Thursday, October 18, 2012

A man's world

As a woman in BYU’s accounting program, I am one of the few. I’d say I’m part of the…25% or so. I haven’t had any really negative experiences in my time here. A few sexist jokes here and there, nothing more than I’ve heard anywhere else in life.

I have dealt with frustration in terms of not being able to relate to male recruiters and guest speakers, who are almost always men whose wives stay home with the kids. I’ve felt like people didn’t understand the unique issues facing an LDS woman interested in pursuing a career in business. But I’ve never felt like someone was telling me I belonged at home or that I didn’t deserve my place in the accounting program. I’ve never had my peers assume that I won’t pursue a career because I’m married. But, unfortunately, the weirdies do exist.

I’ve heard horror stories of women being explicitly asked by their peers why they took a man’s spot in the business school. I’ve heard people mention conversations they overheard where two students were discussing how it wasn’t fair that women were taking men’s spots. I even heard about a student telling a female professor that she shouldn’t be working, but should be at home.

Apparently the business school has been getting some negative feedback about the behavior of their students out in the field. In particular, a few students have been extremely awkward in interacting with their female colleagues.

In public accounting, you are usually assigned to a peer mentor who is a couple years ahead of you who can help answer your questions and is basically there to help you succeed. Apparently one student told his female peer mentor that No, he couldn’t go out to lunch with her, because he is married and shouldn’t be alone with other women. How. Awkward.

Another student told his supervisor that her low cut tops were making it hard for him to control his thoughts.

Can I just say that these are definitely the exception as opposed to the norm? The fact that these are only stories I’ve heard rather than stories I’ve experienced goes to show that the behavior is not commonplace. But can I also say that this is the type of behavior that results from a culture that hyper-sexualizes women through its lessons on women’s modesty and how it relates to a man’s ability to stay pure? These lessons can succeed in turning women into sex objects who must be avoided at all costs. To tell a female coworker than you can’t get lunch with her because she is a woman implies that you think women = sex. If your wife is so jealous of you interacting with other woman, apparently she also holds the unfortunately belief that women and sex are one and the same.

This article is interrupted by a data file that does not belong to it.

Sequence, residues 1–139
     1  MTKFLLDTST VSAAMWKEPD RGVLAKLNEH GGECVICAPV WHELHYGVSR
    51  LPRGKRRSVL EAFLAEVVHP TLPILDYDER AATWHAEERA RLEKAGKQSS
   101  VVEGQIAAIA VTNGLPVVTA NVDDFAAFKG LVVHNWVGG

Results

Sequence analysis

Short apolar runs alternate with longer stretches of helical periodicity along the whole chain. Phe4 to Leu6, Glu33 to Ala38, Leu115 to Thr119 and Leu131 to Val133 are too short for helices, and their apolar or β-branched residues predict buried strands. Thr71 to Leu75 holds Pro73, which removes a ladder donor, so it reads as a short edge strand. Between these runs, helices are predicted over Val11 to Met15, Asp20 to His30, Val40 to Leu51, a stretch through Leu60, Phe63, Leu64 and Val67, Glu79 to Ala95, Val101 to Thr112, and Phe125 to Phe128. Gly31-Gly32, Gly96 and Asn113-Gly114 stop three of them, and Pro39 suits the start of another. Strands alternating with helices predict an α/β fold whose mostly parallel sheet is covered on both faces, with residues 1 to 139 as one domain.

Anyways, my main point in this post was just to say how wonderful the professors are in handling these situations. This year they cancelled regular classes in the Junior Core and spent the time talking about not being weird (it included interacting with members of the opposite sex among other topics that students seem to struggle with). I’ve had professors completely call out students for making sexist jokes. I’ve had professors remind students that the male:female ratio in our accounting program is not representative of the ratio in the profession and to get used to working with women. I’ve always felt like my professors were my advocates. On top of that, I can’t tell you how many times I’ve had teachers bring up the topic of homosexuality and preach about how students need to get over themselves and put their own feelings aside and love everyone.

So can I just say that despite this university being sponsored by the church, I have been so impressed with how progressive my teachers are (well... progressive for Mormons!).

There you have it, a little bit of insight into the business school.

1 comment:

  1. oh my FREAKING gosh. this is amazing to read about. thanks SO MUCH for sharing. btw, i once told my female professor she should not be teaching, but should be at home, too. it's fine.